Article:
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Xochimilco is home to La Isla de las Muñecas – the Island of the Dolls. The story basically goes that some local fellow named Don Julian Santana, upon leaving his wife with their kid, moved to an island in Xochimilco, became a bit weird and spent 50 years fishing broken dolls out of the canals and trading yet more for the produce he grew on the island. He would then tie them to or hang them from the trees on the island, and let them decay. He said that this was to appease the spirit of a little girl who drowned in the canals, but this is apocryphal. Then he drowned in the canals, and is buried on the island.

Is this more creepy than the Cappuchin catacombs in Palermo, claimed by the guidebooks to be the creepiest place on Earth? Sadly, no. Firstly, Don could have chosen a real island, that you need to view from a distance in all directions. The island he chose only has real canal frontage on one side (though dramatic it is), with tiny drains on the three remaining, the back end facing solid land. This somewhat diminishes the mystique. It is also slightly too open-air, robbing the sense of foreboding that a dense canopy of trees would provide. It also suffers from what the afore-mentioned catacombs suffer: it's just not as big and with as many bodies as in the image your mind conjures up.

Still, it turns out that dolls decay in a way one would expect real bodies to. Their eyes cloud over. Crevices become filled with dirt, adding dark circles around the milky eyes. Pigment is bleached from the skin and hair. The hair becomes matted or filled with cobwebs. Clothes become filthy and rot off. Those attached to trees become infested with colonies of beetles or caterpillars, the later constantly moving. Often they have been posed in a fashion that adds to the sinister effect of the above; arms have been raised in some beckoning gesture, or legs turned up as though writhing. Most have been hanged by the neck, or strapped up by the neck, and some are just impaled heads. Being that most dolls are modelled as infants or women, their being in this condition adds starkly to the sinister air of the place.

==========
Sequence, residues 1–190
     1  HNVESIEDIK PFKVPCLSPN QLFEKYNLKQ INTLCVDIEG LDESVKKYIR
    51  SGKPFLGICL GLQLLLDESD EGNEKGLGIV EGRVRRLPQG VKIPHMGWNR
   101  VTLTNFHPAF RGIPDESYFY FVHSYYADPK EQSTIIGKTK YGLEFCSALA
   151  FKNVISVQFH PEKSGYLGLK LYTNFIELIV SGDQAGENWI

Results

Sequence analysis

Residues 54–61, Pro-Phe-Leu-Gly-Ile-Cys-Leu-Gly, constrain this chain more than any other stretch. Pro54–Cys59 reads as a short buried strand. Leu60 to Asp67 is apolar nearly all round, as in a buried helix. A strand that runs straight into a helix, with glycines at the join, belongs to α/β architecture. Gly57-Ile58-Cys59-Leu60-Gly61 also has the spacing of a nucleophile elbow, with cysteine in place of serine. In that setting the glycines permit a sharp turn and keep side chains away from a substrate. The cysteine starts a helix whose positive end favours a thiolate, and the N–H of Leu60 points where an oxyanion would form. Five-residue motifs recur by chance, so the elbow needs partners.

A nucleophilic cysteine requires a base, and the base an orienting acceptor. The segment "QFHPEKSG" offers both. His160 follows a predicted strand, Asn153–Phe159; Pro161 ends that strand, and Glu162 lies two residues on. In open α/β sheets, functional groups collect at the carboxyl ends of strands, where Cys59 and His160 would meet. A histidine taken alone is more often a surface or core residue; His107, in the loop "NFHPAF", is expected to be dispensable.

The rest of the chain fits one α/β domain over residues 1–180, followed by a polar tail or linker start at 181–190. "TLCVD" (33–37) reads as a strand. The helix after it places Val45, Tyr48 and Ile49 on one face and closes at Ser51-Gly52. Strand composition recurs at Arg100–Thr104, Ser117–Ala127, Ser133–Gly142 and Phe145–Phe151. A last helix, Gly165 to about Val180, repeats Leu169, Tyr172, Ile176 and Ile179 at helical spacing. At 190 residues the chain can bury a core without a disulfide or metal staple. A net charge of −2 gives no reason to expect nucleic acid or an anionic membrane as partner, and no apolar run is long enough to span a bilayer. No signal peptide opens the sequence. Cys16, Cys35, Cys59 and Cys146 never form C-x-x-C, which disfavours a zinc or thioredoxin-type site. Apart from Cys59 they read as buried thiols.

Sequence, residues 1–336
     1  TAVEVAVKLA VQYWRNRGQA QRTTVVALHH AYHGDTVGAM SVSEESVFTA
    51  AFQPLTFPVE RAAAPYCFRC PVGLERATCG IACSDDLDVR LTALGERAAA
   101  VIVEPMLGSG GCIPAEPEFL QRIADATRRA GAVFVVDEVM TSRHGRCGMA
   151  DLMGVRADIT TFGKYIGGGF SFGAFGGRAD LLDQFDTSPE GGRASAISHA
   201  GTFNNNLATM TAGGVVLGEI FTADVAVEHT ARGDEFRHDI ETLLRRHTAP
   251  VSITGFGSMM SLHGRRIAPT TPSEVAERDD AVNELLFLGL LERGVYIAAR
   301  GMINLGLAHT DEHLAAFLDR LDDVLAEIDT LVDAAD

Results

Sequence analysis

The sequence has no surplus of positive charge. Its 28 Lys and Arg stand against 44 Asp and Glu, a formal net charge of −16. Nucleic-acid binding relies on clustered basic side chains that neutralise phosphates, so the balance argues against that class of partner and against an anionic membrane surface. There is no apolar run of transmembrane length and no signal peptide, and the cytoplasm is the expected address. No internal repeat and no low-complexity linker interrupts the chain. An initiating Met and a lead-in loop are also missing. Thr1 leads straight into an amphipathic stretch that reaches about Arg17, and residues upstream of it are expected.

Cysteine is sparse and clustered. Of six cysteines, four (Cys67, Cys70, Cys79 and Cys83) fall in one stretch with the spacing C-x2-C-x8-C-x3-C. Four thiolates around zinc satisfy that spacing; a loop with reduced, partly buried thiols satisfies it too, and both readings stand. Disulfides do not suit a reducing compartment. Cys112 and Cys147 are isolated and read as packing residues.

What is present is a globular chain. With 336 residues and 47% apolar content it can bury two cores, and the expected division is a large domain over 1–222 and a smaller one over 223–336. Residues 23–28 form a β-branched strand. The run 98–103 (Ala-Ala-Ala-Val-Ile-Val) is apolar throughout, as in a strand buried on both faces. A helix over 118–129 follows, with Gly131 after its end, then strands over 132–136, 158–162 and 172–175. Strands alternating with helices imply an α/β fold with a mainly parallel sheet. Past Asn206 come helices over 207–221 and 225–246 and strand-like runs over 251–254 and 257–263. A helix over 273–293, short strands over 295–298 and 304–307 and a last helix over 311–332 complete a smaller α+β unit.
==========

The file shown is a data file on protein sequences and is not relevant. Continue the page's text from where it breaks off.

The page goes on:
Xochimilco is also the only natural habitat of the axolotl, pronounced ah-ho-lot-ey, or Mexican walking fish. One of my fondest memories of being a kid is going to the Croydon market and seeing these things in pet stalls, so it is quite special to visit where they come from. But sadly, although they are in fish tanks all over the world, in the wild they are pretty much pooched, owing to doofuses thinking they can dump goldfish in any body of water, which then eat the young and the food of the walking fish.

The axolotl has the interesting ability of staying larval all its life and turning into a salamander only if the water level is reduced, though this is really only possible for wild ones; the captive ones have a reduced instance of this trait, and most die in the attempt. Even if successful, the process reduces their life by two thirds. Don't do it kids. They also regenerate limbs rather than scarring. These features make them interesting to study, hence there are many more in captivity than just those in aquariums.

There is an Axolotl museum near the Island of the Dolls, but it consists of a shed with a few fish tanks in it, some weird taxidermied souvenirs, and a guy who talks about the conservation of the axolotl. As I said before, pooched. There is no removing the carp and other introduced fish, just control. And, even if they could remove them, some doofus would just put more goldfish in. Anyways, the museum may be poxy, but it costs about a dollar to visit, and it is better than the axolotl exhibition at Mexico City zoo, which is just a field with a single fish tank in it, with one axolotl swimming about.

I suppose I should now put up pictures of creepy dolls.

Comments

( 1 comment — Leave a comment )
docmatrix
Jun. 9th, 2011 09:47 pm (UTC)
Cool post dude! Sounds pretty interesting to see all that stuff, and I think Martin had a Mexican walking fish at one stage.

If you want another song about dolls, check out 'Creepy Doll' by Jonathan Coulton.
( 1 comment — Leave a comment )

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